The role of insulin and AMP-activated protein kinase in the regulation of metabolism and vascular health

Type 2 diabetes, a condition in which patients have reduced sensitivity to the hormone insulin, is closely linked with cardiovascular disease. My laboratory is interested in identifying the mechanisms that underlie this link between diabetes and cardiovascular disease. We have shown that insulin itself acts on the endothelial cells that line blood vessels to produce nitric oxide, a substance that relaxes blood vessels and prevents the clots that lead to heart attacks and strokes. In addition, we have demonstrated that a protein called “AMP-activated protein kinase (AMPK)” has similar beneficial effects on endothelial cells. We are currently investigating how insulin and AMPK regulate the cardiovascular system under conditions that mimic diabetes and cardiovascular disease. Our hope is that the results of our work will further expand our knowledge of how insulin and AMPK affect arteries, which will aid the development of future drugs and new therapies for the treatment of diabetes and cardiovascular disease.

Diabetes & Cardiovascular Disease

Cardiovascular disease is the principal cause of morbidity and mortality in patients with diabetes and is associated with endothelial dysfunction, characterised by reduced nitric oxide (NO) bioavailability, a key early mechanism in the progression of vascular disease. The molecular mechanisms that underlie the association between diabetes, obesity, vascular disease and endothelial dysfunction, however, are not fully characterised. For several years my laboratory has been focussed on determining the signalling pathways that regulate adipose and vascular cell function in response to insulin and stimulation of AMP-activated protein kinase (AMPK).


Insulin is the key hormonal regulator of carbohydrate and lipid metabolism, and has also been demonstrated to be a direct-acting vasodilator in intact vessels. We have previously demonstrated that insulin stimulates NO synthesis in cultured endothelial cells, the result of protein kinase B (PKB/Akt)-mediated phosphorylation and activation of endothelial NO synthase (eNOS) at Ser1177 and Ser615 [Salt et al., 2003; Ritchie et al., 2010]. Furthermore, incubation of endothelial cells in high glucose concentrations to mimic the hyperglycaemia observed in diabetes abrogated insulin-stimulated NO synthesis, without altering insulin-stimulated PKB/Akt activity; phosphorylation of eNOS at Ser1177 or Ser615 [Salt et al., 2003; Ritchie et al., 2010]. We are currently further investigating the mechanism underlying impaired insulin-stimulated NO synthesis in response to high culture glucose concentrations and proinflammatory cytokines.


AMPK is a serine/threonine protein kinase involved in the regulation of cellular and organismal metabolism. As a result, AMPK has been proposed to be a candidate target for therapeutic intervention in the treatment of type 2 diabetes and insulin resistance. Indeed, we have recently demonstrated that the commonly-utilised hypoglycaemic drug metformin stimulates AMPK in adipose tissue from patients with diabetes [Boyle et al., 2011]. In adipocytes, we have demonstrated that activation of AMPK is associated with reduced insulin-stimulated GLUT4-mediated glucose transport [Salt et al., 2000] and that insulin-stimulated glucose uptake is impaired in hypertensive rats [Collison et al., 2005]. Furthermore, in cultured human endothelial cells we have previously demonstrated that AMPK activation stimulates NO synthesis via phosphorylation and activation of eNOS at Ser1177 after incubation with VEGF and the thiazolidinedione hypoglycaemic drugs [Morrow et al., 2003; Reihill et al., 2007; Boyle et al., 2008]. Furthermore, AMPK activation attenuated TNFα-stimulated adhesion of monocytic cells to endothelial cells [Ewart et al., 2008] and was required for VEGF-mediated endothelial cell migration and proliferation [Reihill et al., 2011]. These published data demonstrate that AMPK activation promotes an anti-inflammatory, anti-atherogenic phenotype in human endothelial cells independent of its effects on whole body carbohydrate and lipid metabolism. We are currently further characterising the molecular mechanisms by which AMPK elicits this anti-inflammatory effect, in collaboration with Dr. Tim Palmer, Dr. Simon Kennedy and Dr. Christian Delles. We are also examining further the role of AMPK in adipocytes/adipose tissue.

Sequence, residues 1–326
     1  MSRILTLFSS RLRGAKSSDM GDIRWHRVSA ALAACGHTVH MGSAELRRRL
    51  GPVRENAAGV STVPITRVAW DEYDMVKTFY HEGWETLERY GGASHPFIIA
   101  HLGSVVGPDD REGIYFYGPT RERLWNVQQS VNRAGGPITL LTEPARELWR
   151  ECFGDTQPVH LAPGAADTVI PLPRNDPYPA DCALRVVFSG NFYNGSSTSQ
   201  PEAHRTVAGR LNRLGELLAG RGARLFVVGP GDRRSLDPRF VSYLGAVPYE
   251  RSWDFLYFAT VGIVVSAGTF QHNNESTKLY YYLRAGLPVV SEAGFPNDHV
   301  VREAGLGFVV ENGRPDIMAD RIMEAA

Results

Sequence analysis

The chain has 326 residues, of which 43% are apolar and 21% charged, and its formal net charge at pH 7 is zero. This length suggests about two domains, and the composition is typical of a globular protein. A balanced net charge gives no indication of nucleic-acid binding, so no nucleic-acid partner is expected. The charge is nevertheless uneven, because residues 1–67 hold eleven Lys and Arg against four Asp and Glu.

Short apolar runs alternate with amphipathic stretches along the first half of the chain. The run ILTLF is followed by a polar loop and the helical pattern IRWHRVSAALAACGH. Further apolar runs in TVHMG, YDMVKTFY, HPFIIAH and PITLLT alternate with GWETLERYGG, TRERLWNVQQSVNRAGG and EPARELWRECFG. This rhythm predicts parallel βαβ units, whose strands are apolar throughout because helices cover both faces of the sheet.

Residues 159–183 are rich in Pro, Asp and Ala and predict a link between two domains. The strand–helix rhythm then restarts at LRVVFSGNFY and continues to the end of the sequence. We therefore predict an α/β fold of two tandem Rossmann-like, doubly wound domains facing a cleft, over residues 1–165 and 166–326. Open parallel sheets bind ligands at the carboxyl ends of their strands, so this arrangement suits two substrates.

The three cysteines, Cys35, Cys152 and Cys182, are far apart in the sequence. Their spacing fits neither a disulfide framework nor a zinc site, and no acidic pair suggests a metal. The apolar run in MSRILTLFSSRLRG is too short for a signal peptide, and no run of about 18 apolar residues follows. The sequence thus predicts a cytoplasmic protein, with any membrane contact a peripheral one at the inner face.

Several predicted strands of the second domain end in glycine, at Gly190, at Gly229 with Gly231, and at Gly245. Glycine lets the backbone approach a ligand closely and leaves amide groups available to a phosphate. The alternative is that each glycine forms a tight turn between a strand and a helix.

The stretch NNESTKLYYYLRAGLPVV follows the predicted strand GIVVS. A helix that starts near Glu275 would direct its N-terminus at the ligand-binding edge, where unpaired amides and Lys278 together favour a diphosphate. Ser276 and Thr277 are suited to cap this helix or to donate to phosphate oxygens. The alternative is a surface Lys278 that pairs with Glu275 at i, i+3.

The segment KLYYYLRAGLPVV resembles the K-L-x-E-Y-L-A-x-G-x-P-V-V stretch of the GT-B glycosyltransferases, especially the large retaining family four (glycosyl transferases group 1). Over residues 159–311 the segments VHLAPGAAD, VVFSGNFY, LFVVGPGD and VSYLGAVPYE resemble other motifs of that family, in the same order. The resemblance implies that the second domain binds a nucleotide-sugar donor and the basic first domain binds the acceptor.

We propose that the further characterisation of the molecular mechanisms by which insulin and AMPK regulate endothelial and vascular function may identify novel mechanisms to serve as therapeutic targets for the treatment of the vascular complications of diabetes. As a consequence of this focus in metabolic disease, my laboratory is part of the Metabolic Disease & Diabetes Research and Vascular Research themes within the Institute of Cardovascular & Medical Sciences (ICAMS).